Energy management programs

Energy management is crucial to the operations of non-profit housing and its impact on the environment.  Electricity, fuel, water, sewage and waste disposal create operating costs for residential buildings. Housing providers can control these costs with an energy management program that makes physical changes, like retrofits, and procedural changes, like auditing utility bills.

ONPHA can help you to create your own energy management program that will make your building greener and support your tenants as they adopt environmentally aware practices. 

Getting management to commit to energy efficiency

To be successful, a board of directors or senior management first needs to invest resources in your energy management program. Once management is committed, someone should be appointed to oversee the program. If you do not have in-house experts, you may be able to hire an energy management consultant whose primary role is to provide energy management services.

Housing providers should educate themselves about energy efficiency. Publications like Canada Mortgage and Housing Corporation's "Healthy Hi-Rise" are helpful.

Case studies of successful energy efficiency retrofits can be found at Sustainable Building Information System, the Federal government's buildings programs, and Canada Mortgage and Housing Corporation.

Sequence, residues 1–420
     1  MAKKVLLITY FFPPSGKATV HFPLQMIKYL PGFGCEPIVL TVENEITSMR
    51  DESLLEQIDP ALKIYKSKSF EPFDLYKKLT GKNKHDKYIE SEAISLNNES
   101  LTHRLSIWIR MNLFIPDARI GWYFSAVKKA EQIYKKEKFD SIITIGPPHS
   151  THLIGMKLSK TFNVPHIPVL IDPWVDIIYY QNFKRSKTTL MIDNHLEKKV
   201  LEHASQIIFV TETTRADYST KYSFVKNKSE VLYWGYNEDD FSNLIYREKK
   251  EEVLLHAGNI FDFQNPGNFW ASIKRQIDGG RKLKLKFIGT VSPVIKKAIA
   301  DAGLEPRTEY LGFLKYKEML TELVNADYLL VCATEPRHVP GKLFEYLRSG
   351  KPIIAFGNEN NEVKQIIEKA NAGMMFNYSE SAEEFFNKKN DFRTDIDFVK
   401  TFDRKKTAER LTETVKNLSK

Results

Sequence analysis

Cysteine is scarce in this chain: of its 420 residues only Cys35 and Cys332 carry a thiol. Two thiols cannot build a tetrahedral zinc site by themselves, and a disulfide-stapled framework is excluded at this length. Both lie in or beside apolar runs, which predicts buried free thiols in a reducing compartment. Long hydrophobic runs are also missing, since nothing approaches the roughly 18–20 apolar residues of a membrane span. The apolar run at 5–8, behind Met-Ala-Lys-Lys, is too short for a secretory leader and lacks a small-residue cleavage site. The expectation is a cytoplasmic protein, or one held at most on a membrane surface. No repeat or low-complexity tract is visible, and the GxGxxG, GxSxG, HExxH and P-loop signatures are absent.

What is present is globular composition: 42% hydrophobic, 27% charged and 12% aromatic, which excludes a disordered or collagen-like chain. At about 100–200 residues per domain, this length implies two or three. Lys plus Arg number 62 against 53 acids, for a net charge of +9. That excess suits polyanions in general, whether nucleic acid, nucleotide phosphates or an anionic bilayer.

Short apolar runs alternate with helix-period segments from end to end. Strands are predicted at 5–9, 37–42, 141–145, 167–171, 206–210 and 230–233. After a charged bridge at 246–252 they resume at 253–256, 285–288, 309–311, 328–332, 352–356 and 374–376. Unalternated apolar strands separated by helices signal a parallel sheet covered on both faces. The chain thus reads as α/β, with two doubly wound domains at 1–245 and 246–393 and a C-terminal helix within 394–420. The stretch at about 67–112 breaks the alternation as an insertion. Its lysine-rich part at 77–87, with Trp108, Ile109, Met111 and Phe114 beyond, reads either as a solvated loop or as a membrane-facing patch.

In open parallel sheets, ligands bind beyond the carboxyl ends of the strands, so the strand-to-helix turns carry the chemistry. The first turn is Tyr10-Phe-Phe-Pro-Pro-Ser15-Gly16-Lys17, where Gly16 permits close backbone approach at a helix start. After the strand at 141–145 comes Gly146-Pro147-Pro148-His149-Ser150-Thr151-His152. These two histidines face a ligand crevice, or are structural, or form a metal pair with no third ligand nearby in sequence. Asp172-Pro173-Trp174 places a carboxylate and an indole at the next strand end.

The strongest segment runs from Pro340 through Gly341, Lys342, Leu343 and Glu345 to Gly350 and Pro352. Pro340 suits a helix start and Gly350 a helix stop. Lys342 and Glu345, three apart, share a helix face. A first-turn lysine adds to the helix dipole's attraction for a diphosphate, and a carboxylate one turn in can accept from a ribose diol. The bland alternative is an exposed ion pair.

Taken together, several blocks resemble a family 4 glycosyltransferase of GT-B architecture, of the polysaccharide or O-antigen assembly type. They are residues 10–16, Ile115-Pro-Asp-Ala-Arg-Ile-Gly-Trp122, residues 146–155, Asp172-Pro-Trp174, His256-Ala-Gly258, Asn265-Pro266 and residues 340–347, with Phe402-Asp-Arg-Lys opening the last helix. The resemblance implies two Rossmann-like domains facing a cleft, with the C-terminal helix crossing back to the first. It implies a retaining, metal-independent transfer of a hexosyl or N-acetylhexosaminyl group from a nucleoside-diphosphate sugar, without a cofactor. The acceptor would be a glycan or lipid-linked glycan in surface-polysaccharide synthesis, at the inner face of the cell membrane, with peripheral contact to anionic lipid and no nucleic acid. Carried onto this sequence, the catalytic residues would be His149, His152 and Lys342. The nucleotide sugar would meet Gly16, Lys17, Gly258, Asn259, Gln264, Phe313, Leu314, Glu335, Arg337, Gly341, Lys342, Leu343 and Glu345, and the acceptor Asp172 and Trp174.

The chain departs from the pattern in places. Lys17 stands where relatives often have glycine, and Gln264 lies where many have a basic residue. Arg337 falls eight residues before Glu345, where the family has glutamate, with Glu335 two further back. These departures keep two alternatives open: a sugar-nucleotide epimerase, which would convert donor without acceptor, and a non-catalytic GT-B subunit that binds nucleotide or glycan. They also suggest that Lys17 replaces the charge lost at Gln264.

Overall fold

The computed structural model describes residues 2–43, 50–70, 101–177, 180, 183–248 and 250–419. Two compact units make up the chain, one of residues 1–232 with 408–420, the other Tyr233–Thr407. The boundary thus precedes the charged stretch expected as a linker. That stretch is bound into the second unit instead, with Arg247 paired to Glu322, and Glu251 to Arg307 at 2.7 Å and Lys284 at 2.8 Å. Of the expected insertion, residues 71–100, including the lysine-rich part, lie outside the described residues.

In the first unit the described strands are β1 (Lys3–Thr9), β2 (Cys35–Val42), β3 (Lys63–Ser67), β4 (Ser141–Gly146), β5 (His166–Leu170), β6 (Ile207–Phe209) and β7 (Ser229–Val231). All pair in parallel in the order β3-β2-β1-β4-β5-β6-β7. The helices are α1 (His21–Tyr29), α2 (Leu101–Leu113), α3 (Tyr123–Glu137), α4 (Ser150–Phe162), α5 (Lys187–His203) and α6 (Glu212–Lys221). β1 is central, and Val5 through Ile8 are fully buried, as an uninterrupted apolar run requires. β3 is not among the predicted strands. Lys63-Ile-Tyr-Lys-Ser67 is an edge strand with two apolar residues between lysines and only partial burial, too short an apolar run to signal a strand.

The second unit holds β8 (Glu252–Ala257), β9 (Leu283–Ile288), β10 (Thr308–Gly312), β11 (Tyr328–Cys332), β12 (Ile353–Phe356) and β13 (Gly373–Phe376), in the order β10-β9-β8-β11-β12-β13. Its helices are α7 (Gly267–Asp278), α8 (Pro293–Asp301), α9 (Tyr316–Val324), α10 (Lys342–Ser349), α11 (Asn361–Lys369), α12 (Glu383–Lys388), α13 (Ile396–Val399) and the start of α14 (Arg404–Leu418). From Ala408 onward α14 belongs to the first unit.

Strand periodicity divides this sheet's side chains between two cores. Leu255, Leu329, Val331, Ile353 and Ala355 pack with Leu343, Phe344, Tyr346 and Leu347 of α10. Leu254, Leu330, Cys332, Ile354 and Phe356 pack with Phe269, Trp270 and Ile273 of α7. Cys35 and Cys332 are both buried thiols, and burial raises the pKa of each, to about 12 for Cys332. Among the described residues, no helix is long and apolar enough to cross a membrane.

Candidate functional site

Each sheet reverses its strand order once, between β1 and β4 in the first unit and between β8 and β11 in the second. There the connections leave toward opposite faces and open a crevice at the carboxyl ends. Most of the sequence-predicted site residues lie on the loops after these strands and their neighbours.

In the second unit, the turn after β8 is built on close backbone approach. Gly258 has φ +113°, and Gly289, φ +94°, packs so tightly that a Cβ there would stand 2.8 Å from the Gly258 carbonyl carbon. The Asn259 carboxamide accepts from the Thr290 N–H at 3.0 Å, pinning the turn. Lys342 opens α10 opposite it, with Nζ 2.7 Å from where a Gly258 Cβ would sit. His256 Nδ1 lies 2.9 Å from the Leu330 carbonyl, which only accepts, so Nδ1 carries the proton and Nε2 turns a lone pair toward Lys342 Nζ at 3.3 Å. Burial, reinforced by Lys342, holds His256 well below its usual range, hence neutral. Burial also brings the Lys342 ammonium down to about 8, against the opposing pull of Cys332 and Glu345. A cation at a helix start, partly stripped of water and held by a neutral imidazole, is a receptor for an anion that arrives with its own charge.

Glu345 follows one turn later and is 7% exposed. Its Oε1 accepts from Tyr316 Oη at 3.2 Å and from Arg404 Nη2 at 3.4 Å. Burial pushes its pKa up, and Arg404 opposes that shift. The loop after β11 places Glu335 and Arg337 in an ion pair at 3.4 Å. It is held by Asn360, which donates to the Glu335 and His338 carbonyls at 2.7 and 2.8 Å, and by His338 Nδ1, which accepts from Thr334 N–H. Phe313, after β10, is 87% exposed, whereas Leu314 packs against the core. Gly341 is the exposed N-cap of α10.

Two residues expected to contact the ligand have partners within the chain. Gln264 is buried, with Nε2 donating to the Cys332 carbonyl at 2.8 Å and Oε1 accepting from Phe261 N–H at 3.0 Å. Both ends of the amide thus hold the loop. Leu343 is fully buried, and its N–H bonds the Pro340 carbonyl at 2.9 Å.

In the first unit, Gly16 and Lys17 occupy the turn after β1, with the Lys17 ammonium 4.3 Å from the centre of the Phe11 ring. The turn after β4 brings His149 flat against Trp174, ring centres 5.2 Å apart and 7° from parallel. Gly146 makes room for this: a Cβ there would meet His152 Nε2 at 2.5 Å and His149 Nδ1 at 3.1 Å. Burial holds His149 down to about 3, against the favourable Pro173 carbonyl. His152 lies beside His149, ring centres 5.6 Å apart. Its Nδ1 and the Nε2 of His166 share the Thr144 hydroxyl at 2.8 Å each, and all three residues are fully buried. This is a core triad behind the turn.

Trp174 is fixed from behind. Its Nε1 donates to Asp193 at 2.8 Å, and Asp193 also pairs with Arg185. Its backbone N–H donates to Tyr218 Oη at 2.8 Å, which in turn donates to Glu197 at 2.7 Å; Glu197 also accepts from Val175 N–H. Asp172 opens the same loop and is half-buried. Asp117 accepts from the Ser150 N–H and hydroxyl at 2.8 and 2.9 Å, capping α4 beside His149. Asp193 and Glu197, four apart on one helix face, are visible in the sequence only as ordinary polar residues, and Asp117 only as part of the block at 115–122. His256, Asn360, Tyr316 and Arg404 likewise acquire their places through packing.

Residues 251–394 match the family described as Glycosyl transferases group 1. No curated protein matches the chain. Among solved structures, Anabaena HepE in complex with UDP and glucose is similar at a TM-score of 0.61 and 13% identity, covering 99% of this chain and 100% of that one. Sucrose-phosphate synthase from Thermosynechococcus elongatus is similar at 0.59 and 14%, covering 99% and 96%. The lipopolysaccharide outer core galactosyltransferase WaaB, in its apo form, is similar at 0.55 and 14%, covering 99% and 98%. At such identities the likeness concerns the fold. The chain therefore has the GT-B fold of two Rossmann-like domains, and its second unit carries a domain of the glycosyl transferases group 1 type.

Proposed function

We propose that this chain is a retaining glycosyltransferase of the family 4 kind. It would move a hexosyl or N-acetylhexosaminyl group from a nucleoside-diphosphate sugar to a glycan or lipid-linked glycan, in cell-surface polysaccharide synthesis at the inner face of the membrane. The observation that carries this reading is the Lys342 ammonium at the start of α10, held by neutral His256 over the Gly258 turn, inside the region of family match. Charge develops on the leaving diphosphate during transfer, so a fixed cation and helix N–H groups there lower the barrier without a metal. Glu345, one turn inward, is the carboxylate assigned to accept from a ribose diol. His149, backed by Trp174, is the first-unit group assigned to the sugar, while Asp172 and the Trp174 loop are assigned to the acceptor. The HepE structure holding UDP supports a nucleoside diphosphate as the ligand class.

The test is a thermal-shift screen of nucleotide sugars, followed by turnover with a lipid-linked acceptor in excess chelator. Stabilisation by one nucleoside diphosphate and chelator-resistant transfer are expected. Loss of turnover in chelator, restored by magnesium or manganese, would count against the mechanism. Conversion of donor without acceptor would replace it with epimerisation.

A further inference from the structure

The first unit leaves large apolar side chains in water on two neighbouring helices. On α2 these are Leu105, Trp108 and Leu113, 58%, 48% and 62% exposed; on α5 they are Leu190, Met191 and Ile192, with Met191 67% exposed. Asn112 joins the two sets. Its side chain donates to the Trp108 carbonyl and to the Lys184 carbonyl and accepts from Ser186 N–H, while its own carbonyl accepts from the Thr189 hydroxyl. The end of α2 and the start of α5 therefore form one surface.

Choosing an energy management consultant

There are a variety of resources available to help you select a consultant for your energy management program.

Energy audits

Energy management programs always begin with an energy audit. To find out which energy audit is right for you, visit the Federal Buildings Initiative's audit standards guidelines.

Do-it-yourself energy audit

Do-it-yourself energy audit forms are available through the International Initiative for a Sustainable Built Environment. You can also get a do-it-yourself online form from the Office of Energy Efficiency.

Use this guide to begin your own audit. 

Several rating systems have been created to rank a building's environmental efficiency.  You can use these systems as a guideline for your own program or to see how green your building currently is.  Check out Green Globes and LEED.

Financing your energy management program

1. Use your annual building operations budget

Create a list of household items that can be replaced to promote energy efficiency (light bulbs, showerheads, ballasts, etc).  If items are broken or worn out upgrade to new energy efficient items.

2. Self-financing from capital budgets

Use your capital replacement reserve fund to buy energy efficient items.  If the savings potential is large, set up a self-managed revolving loan fund (see #3 for more details).

3. Self-managed revolving loan funds

Finance retrofit projects over time:

  1. Each month set aside a small sum of money from operating surpluses.
  2. Pay back these internal loans from the operating surplus using utility savings.
  3. Define terms of repayment so that the fund is not depleted.
  4. Track and monitor energy savings.

4. Energy Performance Contracting (EPC)

Hire Energy Service Contractors (ESCOs), such as Ameresco and Water Matrix, to: